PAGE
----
Investigative reporters usually work for news agencies, including newspapers, television networks, or magazines. They interview witnesses and analyze information to help solve mysteries. While reporters may collaborate with law enforcement, their agencies are all-too-often at odds with one another. For this reason, reporters need excellent skills in communicating, writing, reading, interviewing, and getting along with local police and community members. 

Public Safety Officer 

Public safety officers perform many of the same duties as police officers. However, they may have more flexibility within the community to go where they're needed and to perform various duties, such as fighting fires, patrolling college campuses, directing traffic during public events, or reporting suspicious activity. 

In many areas, public safety officers carry weapons, so specialized firearms training is required. This job may expose you to dangerous people and situations. 

Victim Advocate 

The victim advocate may be employed by a law enforcement agency, counseling center, social service organization, or by the court system. This is the person who meets with victims of crime, providing support and helping to guide them through the legal process. 

Victim advocates are integral because they're often one of the first people called in to meet with the victim. They can help the victim seek medical care, contact family members, secure a change of clothes and safe accommodations for the night, and provide ongoing support as needed.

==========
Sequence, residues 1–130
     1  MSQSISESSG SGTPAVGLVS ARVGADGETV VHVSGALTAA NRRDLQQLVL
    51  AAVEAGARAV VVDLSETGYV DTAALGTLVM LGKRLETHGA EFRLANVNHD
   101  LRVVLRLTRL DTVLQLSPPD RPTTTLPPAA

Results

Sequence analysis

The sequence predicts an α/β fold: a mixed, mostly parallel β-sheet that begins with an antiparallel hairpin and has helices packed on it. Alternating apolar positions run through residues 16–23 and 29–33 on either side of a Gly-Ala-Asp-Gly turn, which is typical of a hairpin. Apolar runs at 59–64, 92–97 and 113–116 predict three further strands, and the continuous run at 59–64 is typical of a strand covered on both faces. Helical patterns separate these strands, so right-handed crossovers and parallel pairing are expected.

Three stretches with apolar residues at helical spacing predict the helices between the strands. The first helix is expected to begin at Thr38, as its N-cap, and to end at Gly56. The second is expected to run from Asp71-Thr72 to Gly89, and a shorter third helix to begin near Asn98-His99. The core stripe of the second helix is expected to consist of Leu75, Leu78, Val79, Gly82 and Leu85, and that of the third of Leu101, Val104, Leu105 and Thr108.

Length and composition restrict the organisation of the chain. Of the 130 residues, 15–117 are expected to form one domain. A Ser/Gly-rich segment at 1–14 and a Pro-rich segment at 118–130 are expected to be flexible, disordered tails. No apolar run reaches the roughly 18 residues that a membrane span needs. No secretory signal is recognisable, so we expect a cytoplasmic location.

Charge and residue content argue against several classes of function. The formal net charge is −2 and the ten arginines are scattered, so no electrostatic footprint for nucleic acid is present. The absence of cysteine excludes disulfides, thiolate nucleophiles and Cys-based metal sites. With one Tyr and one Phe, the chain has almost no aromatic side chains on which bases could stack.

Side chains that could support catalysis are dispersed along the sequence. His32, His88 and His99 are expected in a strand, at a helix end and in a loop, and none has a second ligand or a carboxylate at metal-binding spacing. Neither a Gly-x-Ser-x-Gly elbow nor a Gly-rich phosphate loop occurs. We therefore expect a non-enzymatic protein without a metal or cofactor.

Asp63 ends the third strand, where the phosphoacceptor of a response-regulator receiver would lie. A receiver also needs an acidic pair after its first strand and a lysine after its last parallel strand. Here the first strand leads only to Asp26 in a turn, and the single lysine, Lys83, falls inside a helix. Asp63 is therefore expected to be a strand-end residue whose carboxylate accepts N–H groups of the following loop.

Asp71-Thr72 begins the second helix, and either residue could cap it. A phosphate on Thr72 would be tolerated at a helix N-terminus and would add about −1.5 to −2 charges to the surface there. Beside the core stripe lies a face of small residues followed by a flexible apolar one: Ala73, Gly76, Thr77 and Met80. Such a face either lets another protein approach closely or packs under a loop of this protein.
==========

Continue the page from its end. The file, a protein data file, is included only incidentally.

Drug Enforcement Administration Agent 

DEA agents are employed by the U.S. Drug Enforcement Administration to track down and apprehend those associated with the illegal manufacture or movement of drugs. They gather evidence, partner with local law enforcement, arrest suspects, share intelligence with other agencies, and participate in drug education programs within the community.  

Is Criminal Justice a Good Major? 

Criminal justice is a solid major, especially when combined with psychology, forensic science, or digital forensics. With a bachelor's degree to your credit, you may have increased opportunities, including the ability to rise more quickly through the ranks or to begin your career in a higher position. Typically, criminal justice jobs offer solid benefits and strong job security. Unfortunately, there will always be people who break the law, but fortunately for you, this will forever create a need for those willing to safeguard it. 

To learn more, we invite you to explore our Bachelor of Science in Criminal Justice at University of the Cumberlands in Kentucky. Tt's our mission to help as many students as possible earn their degrees so they can go on to meet their life goals. Our Christian values and strong dedication to achievement are only part of what make University of the Cumberlands stand out above the competition. Contact an admission advisor to learn more today.